TAMPA — The two men were accused of ripping off the military. But nobody ever said they weren't good teachers while they did it.
A jury found Daniel Guillan and Eduardo Blanchet guilty Tuesday of defrauding the federal government by hiding their ties to a language-instruction company to get a $100 million contract with U.S. Special Operations Command.
SOCom, with headquarters at MacDill Air Force Base, is one of the commands that spearheaded the wars in Iraq and Afghanistan. The command directs the nation's special forces.
Guillan, 56, and Blanchet, 60, who live in the Orlando area, showed no reaction as the verdict was read in U.S. District Court, except for Blanchet absently twirling his eyeglasses in his left hand.
The pair was accused of forming a new company, then hiding their control of the business, to qualify for a SOCom contract set aside for a small business. Their previous company no longer qualified as one.
The convictions on conspiracy and wire fraud charges carry a penalty of up to 20 years in prison, though the men are unlikely to be sentenced to anything close to statutory maximums. A sentencing date has not been scheduled.
Both men, free on bail until sentencing, declined to comment after the verdict. A jury also ordered them to forfeit $9.4 million.
What set the case apart was that SOCom continued to use the services of Guillan and Blanchet's company, MiLanguages, even after an investigation opened.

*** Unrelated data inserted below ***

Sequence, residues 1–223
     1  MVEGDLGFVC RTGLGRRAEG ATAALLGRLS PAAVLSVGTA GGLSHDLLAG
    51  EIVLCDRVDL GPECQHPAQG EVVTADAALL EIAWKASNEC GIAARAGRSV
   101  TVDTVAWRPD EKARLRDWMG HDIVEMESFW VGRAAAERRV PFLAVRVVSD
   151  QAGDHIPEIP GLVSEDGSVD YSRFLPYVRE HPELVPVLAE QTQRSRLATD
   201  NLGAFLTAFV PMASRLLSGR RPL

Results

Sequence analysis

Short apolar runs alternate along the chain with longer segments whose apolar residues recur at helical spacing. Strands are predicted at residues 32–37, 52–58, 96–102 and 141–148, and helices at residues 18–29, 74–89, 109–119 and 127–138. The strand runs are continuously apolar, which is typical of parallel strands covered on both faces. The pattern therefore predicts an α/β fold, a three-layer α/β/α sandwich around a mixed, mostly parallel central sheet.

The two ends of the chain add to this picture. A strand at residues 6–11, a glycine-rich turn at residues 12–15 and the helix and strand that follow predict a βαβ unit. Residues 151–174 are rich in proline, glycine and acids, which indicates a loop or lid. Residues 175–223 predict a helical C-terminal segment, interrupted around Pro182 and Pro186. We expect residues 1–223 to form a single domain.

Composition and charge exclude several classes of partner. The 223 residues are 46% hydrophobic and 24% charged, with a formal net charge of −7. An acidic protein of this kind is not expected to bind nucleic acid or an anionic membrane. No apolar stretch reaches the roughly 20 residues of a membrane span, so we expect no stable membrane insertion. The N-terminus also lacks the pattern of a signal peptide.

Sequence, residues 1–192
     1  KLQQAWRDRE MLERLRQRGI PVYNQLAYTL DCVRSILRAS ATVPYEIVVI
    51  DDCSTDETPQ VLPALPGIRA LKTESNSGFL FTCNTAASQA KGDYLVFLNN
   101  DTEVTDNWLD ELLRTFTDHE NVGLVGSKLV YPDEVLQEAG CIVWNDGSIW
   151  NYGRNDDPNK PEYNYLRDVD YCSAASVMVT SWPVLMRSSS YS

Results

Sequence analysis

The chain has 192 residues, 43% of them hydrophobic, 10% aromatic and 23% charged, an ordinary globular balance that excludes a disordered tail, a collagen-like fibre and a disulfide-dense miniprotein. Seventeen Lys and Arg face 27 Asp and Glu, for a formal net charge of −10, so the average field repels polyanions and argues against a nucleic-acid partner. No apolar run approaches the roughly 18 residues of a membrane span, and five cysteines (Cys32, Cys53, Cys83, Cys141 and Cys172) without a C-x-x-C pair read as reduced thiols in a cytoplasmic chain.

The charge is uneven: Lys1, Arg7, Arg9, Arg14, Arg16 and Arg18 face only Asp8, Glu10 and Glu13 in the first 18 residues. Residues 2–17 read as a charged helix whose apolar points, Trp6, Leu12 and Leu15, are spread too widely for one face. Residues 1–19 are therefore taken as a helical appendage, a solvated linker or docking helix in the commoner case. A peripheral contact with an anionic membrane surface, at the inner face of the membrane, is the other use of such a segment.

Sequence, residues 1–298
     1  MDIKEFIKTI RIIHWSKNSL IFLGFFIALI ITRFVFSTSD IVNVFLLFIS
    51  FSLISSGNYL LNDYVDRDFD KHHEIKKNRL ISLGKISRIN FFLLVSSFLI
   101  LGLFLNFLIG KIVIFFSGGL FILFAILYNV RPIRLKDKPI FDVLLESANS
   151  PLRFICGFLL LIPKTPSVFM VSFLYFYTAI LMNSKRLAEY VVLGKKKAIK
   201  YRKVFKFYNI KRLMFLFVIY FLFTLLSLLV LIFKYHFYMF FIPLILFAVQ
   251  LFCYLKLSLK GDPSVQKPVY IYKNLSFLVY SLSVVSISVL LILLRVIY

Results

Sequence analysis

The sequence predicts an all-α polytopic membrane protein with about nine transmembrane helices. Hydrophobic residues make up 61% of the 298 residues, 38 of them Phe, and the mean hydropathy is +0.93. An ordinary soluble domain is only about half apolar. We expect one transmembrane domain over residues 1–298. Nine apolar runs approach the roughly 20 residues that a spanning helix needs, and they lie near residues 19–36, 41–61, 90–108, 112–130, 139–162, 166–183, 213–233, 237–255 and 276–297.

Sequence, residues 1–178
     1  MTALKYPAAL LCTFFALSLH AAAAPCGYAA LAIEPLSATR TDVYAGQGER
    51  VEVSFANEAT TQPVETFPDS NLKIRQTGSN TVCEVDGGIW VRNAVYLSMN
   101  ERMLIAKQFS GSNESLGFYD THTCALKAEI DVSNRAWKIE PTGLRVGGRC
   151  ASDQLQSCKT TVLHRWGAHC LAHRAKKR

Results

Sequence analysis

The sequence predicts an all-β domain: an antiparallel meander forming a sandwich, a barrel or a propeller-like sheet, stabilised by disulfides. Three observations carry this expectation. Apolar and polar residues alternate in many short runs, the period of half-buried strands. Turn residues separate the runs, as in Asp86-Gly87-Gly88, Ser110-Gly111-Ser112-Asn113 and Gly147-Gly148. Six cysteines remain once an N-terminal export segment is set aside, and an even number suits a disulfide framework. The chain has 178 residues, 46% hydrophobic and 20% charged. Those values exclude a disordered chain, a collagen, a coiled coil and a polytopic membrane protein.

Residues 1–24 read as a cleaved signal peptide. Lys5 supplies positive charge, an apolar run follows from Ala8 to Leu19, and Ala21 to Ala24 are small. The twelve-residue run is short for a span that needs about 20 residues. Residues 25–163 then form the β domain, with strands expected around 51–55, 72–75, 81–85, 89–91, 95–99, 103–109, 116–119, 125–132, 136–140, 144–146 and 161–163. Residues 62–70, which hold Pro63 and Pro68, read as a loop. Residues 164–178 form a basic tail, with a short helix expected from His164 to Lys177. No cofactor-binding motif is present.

And the government kept sending hefty checks because, defense lawyers said, SOCom was happy with MiLanguages services.
Prosecutor Josephine Thomas told jurors during a two-week trial that the services MiLanguages provided were never in question. The company, she said, did the job it was hired to do.
But in the defendants' success were the seeds of their downfall.
Blanchet owned B.I.B. Consulting, a company that in 2002 won a $50 million SOCom contract to provide language instruction to special forces like Navy SEALs and Green Berets. Guillan was vice president of B.I.B. and in charge of day-to-day operations.
That contract was set aside for a small business, which B.I.B. was at the time.
But success brought growth, and when B.I.B.'s contract expired in 2007, SOCom sought another small company for a new $100 million deal.
An indictment said Guillan and Blanchet formed MiLanguages, setting up a straw man as its president, "although Blanchet and Guillan remained the de facto owners."
The sham president of the company was paid $63,000 by Guillan and Blanchet, while they earned more than $12 million in illicit profit, prosecutors said.
Prosecutors said the men made false representations and submitted false information to the Small Business Administration to win designation as a small business.
In 2007, the men instructed an attorney to "send a letter to the SBA size program manager relaying that MiLanguages and B.I.B. had no common officers, shareholders or employees … and that a 'clear line of fracture' existed between B.I.B. and MiLanguages," an indictment said.
In reality, prosecutors said, the two men set up MiLanguages' bank accounts in which they were the only signatories.
Defense lawyers said payments made after the government's investigation opened were proof of innocence. They said the men simply relied on the advice of their attorney and other professionals and never sought to defraud SOCom.
Guillan and Blanchet, defense lawyers said in a joint motion, "were indicted for actions that were expressly approved by SOCom."
A SOCom spokesman could not be reached to comment.
Reach William R. Levesque at email@example.com or (813) 226-3432.